I love a business book. I’ve got shelves full of them, and nowadays a jam packed Kindle with lots of interesting ideas for business. Here’s one of my favourites. The Checklist Manifesto, by Atul Gawande.
What it’s all about
Atul is a surgeon, and was given the task of finding ways of reducing post operative complications in hospitals. Absolutely nothing to do with running a small business, you might think.
Except that I’ve used the ideas in this book over and over again, in my own business and with my business advice clients.
In brief, Atul is writing about how to use the simple checklist to help manage incredibly complex situations, such as diagnosing what’s going on with a patient with loads of different conditions, emergencies in the operating theatre, building very tall buildings, and flying aeroplanes.
Now, the work we do within our businesses might not be quite as dramatic as open heart surgery, but even the smallest business owner has to manage complexity every day. We have to decide what our priorities are, look after clients, pay attention to our sales pipeline, see what people are saying on twitter, manage our marketing…and that’s before you even get down to doing the work. Our poor little brains are often fried from all of these different things we have to think about.
Which is where the checklist idea comes in. I’ve written checklists for what to do when I get a new client, the basics I need to go over with a client so I don’t miss something or assume that their accountant has taken care of it, and a checklist for getting funding for clients to be able to pay me. I’ve got a checklist to run through when I leave the house in the morning (keys, office keys, phone, reading glasses, purse).
This might sound completely daft, but it reassures me, and makes sure that I don’t leave without my essentials, and not have cash for lunch or be able to see the computer.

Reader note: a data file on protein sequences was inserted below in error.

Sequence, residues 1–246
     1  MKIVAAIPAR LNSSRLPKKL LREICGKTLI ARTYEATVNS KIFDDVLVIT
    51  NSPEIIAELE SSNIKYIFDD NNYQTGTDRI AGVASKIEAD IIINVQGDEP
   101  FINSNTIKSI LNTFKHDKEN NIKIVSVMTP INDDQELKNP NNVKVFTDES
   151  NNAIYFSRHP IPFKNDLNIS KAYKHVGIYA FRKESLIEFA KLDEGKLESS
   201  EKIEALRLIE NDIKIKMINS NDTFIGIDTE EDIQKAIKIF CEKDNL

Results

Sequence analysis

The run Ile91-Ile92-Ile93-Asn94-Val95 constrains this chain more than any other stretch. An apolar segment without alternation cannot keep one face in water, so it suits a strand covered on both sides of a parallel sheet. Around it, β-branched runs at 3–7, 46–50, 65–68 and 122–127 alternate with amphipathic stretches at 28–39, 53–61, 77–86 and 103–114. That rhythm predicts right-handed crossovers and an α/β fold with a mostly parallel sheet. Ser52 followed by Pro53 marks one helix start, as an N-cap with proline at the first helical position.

The Checklist Manifesto for staff
The Checklist Manifesto also talks a lot about using checklists in a group situation, which I’d never thought of before.
From Atul’s research into applying checklists in operating theatres, I’ve taken away two rules which I’ve helped clients write checklists for their staff. The first is that the checklist needs to be written down, and gone through at a regular time. I did this with a cafe client, so they did a checklist which the staff had to physically tick off on a laminated sheet for all the things that need to do when they opened the cafe in the morning. It meant that all the things that were annoying the cafe owner (such as the sugar bowls not being topped up, or people forgetting to put the A-board out) started getting done.
And the second thing I took away from The Checklist Manifesto was that people need to go through the checklist together, and make sure that someone had done all of the things. And this really rang true to me, when I started applying it. We all assume that someone else will have done that task. But maybe the person who normally does the invoices is on holiday. Or we think that someone else has sent out the contract to the client.
By going through the checklist together, we make sure that everything is covered and we’re jointly taking responsibility for making sure that we do a really good job.
Read it. Apply it.
I can’t do justice here to all of things you can learn from The Checklist Manifesto. But it’s an inspiring read, and I heartily recommend that you get it, read it, and put it into action. You might not be saving lives with your checklists, but you will be making huge improvements to your business processes. Here’s where to buy Atul’s book on Amazon.
I liked The Checklist Manifesto so much I read Atul’s later book, On Mortality. This isn’t so much a business book, but it’s about something which affects all of us, the challenges of how we treat people (including ourselves) when we’re coming to the end of our lives and dying. It was an intensely moving book, and gave me much to think about – the kind of book which stays with you for a long time.
It also gave me some very interesting potential business ideas I’m rolling into my New Business Ideas Collection. I heartily recommend On Mortality as well.